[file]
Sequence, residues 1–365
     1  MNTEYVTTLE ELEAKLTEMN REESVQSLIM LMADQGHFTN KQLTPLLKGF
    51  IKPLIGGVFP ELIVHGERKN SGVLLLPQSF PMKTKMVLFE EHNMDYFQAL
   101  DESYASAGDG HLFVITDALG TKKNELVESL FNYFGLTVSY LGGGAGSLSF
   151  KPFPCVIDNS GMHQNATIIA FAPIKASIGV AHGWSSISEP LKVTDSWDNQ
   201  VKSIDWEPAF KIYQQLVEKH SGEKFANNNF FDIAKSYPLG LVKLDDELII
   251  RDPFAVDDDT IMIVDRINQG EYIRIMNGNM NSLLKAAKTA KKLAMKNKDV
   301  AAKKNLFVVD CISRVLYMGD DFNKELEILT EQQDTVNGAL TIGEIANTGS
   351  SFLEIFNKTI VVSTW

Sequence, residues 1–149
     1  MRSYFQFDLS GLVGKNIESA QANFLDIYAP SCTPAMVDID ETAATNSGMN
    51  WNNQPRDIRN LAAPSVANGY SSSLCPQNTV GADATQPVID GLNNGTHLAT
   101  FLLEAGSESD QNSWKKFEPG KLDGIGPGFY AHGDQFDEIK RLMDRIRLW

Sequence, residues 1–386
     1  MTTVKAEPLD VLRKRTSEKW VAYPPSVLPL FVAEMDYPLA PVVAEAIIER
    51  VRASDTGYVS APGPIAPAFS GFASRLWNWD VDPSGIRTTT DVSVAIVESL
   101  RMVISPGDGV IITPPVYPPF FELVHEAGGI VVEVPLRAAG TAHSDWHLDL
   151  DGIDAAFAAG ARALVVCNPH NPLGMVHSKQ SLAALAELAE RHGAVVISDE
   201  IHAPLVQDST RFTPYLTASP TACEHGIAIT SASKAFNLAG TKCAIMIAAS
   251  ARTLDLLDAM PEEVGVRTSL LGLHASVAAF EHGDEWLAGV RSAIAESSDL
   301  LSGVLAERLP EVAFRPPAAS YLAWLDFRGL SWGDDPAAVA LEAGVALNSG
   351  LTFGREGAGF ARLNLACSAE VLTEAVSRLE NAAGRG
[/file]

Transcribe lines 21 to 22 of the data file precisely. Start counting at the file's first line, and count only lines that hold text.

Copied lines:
   301  LSGVLAERLP EVAFRPPAAS YLAWLDFRGL SWGDDPAAVA LEAGVALNSG
   351  LTFGREGAGF ARLNLACSAE VLTEAVSRLE NAAGRG